Behavioural observations of the common octopus Octopus vulgaris in Baía dos Tigres, southern Angola
AbstractObservations on the behaviour of the common octopus Octopus vulgaris were made during daytime and night-time sampling on an unexploited rocky reef habitat in Baía dos Tigres, southern Angola. The relative numerical abundance sampled was 0.47 octopus person–1 h–1 during the day and 5.33 octopus person–1 h–1 during the night, suggesting that the population under study was nocturnal. The activity patterns differed between sizes of octopus. Small octopus (<20 cm total length [TL]) were observed roaming during the night, whereas the large individuals (>20 cm TL) generally fed in their dens. This ontogenetic behavioural shift may be due to tidal constraints or could be a strategy to avoid cannibalism. Octopus inhabiting a shallow, small-boulder substratum made extensive modifications to their habitat, excavating dens of up to 1 m deep in the sand below the boulders. These dens were not visible during the day as the octopus appeared to retract the small boulders over their den entrances. This unique behavioural strategy is thought to be a means to reduce predation and reduce light intensity during the day. Octopus were not observed in the small-boulder habitat during the five hours of daytime sampling. With nocturnal activity and extensive habitat modification, it is likely that avoidance of predation may be an important driver influencing the behaviour of the octopus population under study.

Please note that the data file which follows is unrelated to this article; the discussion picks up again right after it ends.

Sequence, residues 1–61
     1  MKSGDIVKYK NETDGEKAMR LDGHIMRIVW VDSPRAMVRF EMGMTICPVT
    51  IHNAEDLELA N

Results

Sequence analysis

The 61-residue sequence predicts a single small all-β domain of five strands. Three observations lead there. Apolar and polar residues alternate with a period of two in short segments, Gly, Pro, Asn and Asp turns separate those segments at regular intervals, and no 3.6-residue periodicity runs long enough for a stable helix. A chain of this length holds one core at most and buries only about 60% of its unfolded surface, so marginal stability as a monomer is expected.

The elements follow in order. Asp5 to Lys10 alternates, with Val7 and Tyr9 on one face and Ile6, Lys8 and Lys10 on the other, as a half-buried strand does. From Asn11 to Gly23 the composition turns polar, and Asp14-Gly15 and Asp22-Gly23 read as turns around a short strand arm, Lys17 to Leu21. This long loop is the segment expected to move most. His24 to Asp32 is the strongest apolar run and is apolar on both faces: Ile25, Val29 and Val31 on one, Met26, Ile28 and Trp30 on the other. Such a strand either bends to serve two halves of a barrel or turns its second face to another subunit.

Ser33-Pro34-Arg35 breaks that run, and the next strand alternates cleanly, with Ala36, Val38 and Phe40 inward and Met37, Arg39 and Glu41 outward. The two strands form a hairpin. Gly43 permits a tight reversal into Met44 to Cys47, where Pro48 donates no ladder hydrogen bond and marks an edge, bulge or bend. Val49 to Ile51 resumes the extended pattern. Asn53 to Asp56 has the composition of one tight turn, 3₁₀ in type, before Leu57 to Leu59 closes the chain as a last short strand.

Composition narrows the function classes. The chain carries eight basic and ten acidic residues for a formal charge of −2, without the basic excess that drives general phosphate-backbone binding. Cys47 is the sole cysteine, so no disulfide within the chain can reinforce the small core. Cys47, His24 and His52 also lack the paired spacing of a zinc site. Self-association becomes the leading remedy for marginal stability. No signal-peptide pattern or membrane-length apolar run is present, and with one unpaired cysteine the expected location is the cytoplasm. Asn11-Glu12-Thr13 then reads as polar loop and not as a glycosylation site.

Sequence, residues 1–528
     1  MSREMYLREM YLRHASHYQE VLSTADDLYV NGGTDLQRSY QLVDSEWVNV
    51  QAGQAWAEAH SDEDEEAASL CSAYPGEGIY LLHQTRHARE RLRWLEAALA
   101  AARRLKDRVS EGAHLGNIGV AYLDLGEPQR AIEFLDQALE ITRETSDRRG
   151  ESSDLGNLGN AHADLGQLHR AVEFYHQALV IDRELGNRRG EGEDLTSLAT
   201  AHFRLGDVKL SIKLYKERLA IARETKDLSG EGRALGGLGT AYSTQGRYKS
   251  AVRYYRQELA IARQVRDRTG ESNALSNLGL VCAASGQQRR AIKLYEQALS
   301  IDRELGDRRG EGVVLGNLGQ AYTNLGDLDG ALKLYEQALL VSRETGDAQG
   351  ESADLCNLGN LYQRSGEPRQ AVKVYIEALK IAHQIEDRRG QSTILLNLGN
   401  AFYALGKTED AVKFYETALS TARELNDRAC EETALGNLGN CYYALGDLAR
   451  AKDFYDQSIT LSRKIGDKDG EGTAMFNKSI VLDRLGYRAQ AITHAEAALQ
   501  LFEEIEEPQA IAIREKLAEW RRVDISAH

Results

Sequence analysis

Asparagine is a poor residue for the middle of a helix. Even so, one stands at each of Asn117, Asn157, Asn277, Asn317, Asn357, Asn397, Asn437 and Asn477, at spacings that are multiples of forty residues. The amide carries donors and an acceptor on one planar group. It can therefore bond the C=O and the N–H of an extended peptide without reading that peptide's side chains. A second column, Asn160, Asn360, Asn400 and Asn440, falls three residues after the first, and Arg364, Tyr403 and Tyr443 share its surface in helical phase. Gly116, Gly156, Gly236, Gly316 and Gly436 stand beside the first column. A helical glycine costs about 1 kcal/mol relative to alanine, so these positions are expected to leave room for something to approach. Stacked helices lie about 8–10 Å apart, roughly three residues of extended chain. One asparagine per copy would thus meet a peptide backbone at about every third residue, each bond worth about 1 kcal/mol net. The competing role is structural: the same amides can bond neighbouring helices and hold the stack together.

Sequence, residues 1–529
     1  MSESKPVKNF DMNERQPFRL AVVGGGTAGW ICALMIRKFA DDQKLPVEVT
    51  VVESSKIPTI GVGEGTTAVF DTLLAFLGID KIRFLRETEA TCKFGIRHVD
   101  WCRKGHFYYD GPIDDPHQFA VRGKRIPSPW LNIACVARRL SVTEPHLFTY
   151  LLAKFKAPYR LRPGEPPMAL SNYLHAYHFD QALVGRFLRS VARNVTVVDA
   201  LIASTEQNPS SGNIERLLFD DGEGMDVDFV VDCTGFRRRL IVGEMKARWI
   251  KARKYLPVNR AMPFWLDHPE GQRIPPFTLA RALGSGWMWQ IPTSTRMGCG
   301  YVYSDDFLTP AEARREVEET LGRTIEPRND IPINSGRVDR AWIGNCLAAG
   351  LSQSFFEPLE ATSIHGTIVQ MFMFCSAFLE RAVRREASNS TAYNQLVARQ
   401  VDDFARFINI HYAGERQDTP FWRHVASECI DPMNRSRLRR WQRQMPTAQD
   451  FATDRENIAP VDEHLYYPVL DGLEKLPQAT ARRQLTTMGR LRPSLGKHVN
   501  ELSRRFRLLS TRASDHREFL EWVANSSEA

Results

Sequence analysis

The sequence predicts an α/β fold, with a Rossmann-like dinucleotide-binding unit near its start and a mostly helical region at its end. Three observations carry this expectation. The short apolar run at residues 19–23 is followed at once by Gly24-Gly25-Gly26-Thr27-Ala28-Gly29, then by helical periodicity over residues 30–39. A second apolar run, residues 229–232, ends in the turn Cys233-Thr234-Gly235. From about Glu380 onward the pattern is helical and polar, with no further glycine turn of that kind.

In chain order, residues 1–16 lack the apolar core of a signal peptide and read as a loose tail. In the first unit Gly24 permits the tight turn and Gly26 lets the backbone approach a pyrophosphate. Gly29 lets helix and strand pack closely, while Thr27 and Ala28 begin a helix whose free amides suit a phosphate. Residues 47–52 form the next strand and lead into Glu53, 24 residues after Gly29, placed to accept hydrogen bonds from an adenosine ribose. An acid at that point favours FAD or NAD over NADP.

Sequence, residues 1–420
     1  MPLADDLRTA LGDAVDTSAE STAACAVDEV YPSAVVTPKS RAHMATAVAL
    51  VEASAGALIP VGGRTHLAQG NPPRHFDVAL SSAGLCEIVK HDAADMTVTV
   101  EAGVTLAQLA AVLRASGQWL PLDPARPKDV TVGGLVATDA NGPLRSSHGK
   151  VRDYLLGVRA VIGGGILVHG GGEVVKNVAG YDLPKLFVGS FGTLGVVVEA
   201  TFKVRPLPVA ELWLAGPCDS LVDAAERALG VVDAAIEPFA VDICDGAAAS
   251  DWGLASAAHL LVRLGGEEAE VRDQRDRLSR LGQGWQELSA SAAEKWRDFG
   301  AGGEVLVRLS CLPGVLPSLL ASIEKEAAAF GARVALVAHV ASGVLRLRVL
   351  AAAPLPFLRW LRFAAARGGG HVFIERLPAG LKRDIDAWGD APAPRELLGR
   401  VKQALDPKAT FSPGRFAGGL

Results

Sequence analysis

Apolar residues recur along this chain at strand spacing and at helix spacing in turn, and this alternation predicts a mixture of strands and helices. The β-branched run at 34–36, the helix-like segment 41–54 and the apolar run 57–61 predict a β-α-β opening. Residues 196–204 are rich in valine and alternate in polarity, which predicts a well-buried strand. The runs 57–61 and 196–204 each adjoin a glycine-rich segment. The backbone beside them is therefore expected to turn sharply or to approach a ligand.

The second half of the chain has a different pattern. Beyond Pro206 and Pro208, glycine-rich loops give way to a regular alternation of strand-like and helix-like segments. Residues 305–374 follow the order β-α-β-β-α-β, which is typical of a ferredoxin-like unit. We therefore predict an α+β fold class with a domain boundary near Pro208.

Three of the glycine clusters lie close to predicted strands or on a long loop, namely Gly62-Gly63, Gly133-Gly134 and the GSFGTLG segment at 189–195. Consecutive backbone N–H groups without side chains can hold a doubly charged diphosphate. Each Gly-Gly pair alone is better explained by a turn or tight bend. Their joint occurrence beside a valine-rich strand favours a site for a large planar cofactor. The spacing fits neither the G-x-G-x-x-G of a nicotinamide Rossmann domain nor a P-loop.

Keywords: activity patterns, cephalopod, den ecology, habitat modification
African Journal of Marine Science 2013, 35(4): 579–583